To Live

(written in 1996)


The drip, drip, dripping of time runs in rivulets down
the gaping wound on the side of the eternal boy.
The scabs continuously rub against themselves,
pouring forth new pain from the deep caverns within,
from the hungry depths of resentment and anger,
cutting away at the corpse of the man,
eating away at the decaying walls of the man,
the pain possesses, the snake entwines the host.

His bloody eye, ever roving for release,
settles upon a passing child, a little girl
who reminds him of a forgotten part of himself–
and the storm of suppressed feelings
rages into his mind, the winds blowing past
into his hands–beating, beating, remembering now
the anger, the hatred released upon his head–
he feeds upon the pain–hers–his. To make
another feel this pain, to release, to fill
the hollowness inside with another’s heart
stolen, ripped out with his bare hands–
he flies away crying hoarsely, a dying boy,
a living man.


I brush my hands–lightly
against my bruises,
feeling the vestiges
of another’s hurt–I
have always believed
in god until now–now
it is a hollow steel image
nailed above my bed.
I hate him.
I see strange things–
in my dreams–
barren landscapes,
charred by the fires
of wars, ruined
by the havoc of storms.
I hate myself.
Why do people turn
against themselves?
I rub my hands together,
feeling a warmth
only outside.


Time, the eternal lacerater, flows forever,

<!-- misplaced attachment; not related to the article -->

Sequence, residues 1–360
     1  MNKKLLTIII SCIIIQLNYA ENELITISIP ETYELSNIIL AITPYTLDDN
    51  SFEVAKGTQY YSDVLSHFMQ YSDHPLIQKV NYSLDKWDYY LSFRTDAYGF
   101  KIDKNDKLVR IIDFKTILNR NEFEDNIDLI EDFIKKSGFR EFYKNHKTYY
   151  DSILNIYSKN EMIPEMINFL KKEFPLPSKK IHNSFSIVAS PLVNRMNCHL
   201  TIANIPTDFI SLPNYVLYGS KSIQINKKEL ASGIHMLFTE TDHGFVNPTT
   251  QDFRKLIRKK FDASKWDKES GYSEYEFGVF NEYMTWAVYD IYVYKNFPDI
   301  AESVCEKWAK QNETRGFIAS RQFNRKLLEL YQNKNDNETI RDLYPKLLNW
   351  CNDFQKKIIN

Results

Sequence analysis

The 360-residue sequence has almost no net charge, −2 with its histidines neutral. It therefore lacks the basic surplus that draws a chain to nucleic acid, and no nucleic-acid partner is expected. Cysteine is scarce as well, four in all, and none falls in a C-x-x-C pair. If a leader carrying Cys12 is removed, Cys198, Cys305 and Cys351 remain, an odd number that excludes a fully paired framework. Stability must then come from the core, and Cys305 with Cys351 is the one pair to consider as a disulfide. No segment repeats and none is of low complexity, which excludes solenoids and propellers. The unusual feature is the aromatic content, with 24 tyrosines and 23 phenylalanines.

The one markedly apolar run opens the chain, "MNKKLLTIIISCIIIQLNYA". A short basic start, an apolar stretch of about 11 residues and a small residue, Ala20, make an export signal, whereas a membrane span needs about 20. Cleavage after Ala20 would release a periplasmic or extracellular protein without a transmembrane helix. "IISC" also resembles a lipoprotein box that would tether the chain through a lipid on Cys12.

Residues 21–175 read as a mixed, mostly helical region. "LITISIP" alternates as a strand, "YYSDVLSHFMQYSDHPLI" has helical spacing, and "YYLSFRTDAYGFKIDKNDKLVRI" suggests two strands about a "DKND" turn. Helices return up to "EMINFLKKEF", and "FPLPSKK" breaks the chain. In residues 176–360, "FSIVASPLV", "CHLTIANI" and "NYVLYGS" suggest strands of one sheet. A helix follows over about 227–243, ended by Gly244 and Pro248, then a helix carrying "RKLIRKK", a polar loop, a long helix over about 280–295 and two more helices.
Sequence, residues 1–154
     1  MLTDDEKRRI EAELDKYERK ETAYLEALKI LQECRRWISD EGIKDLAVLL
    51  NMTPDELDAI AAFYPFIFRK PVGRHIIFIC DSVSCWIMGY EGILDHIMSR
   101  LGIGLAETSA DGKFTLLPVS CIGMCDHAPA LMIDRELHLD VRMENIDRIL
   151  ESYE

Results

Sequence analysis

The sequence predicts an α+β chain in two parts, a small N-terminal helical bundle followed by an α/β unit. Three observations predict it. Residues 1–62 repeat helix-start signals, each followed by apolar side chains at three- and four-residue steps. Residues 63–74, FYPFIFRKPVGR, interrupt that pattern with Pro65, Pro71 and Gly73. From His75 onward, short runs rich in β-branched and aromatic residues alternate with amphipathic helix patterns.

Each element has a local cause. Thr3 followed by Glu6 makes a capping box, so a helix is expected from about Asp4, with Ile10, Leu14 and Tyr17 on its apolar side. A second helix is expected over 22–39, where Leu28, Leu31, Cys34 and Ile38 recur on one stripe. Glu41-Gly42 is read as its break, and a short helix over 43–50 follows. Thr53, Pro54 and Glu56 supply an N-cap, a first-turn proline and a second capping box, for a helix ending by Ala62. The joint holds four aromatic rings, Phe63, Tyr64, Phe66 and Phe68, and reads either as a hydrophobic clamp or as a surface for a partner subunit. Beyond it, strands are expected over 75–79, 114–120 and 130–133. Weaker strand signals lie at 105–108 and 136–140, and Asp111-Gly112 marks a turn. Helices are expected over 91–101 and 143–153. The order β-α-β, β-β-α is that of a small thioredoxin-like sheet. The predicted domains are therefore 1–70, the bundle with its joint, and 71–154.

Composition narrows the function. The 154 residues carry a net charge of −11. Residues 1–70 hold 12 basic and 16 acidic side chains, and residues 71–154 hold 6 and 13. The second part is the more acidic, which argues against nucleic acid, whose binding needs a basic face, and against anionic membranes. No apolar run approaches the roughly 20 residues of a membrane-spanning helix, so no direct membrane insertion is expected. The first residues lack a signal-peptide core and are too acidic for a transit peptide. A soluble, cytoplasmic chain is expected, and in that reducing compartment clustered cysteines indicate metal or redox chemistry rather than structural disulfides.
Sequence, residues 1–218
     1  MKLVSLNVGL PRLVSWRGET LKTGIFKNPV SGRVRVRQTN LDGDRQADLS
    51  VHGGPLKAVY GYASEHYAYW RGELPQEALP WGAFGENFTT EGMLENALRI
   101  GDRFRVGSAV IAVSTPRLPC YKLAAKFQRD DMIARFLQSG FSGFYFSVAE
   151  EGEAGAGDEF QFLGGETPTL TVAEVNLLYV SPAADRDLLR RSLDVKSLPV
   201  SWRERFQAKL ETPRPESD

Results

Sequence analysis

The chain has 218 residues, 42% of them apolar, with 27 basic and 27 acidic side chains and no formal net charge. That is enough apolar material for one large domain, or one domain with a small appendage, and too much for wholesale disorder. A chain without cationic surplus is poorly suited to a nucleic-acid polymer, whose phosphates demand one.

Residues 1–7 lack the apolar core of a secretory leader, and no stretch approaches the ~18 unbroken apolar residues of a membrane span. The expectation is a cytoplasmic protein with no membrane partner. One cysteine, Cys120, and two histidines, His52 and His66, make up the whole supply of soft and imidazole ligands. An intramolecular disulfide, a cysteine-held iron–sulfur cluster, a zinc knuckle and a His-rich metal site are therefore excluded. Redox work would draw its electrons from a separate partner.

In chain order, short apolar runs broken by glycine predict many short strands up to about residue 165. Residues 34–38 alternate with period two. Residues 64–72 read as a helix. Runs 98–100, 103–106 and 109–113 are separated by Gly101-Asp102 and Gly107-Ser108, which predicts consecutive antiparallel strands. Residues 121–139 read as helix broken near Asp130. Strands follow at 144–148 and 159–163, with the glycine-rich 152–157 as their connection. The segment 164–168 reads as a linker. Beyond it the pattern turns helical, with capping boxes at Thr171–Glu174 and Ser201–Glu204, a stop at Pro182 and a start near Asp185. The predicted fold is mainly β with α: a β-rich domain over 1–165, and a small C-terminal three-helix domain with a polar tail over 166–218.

washing the wounds of the injured
in the blind waves of deceitful memory,
leaving restless scars in the belly
that must be stoked with the fiery touch of hope.

But what is the world without hope, where
does one fall to be saved, what is the world
without hope but emptiness and death
and pain and pain and endless pain?
Cut off from herself in the past,
she tries to reunite the shards, the pieces–
blood seeps out the cracks formed
by the forced union–never to be whole again.
There is no hope for one who has already died.
She casts her hands out into the dark space,
groping, and feels the cold rigidity of the crucifix
above her head–the hollow steel image that is him–her–
sparks fly and she wonders if there is a chance–
tobe reborn?.canI. canwe. . .
No–there is Nothing.

But a fire once started cannot be stopped
except by time and time and death.
She looks in the mirror and sees nothing–
and that is the world–everything, anything–
beautiful, the world is horrifyingly beautiful
and it was there all along, before and after
the snake–it takes death to know life–
a shattered image, broken to emptiness,
is life itself in truest form: piercingly aware
of death and its encompassing futility.


I am nothing, nothing,
but part of everything;
I am nothing, nothing,
but the world, the universe;
I am nothing, nothing,
but life and death–
I have tasted the blindness
and now I can see;
I have touched the judgment
and now I can sing–

I am nothing–
and I am beautiful.

Author: manderson

I live in NYC.

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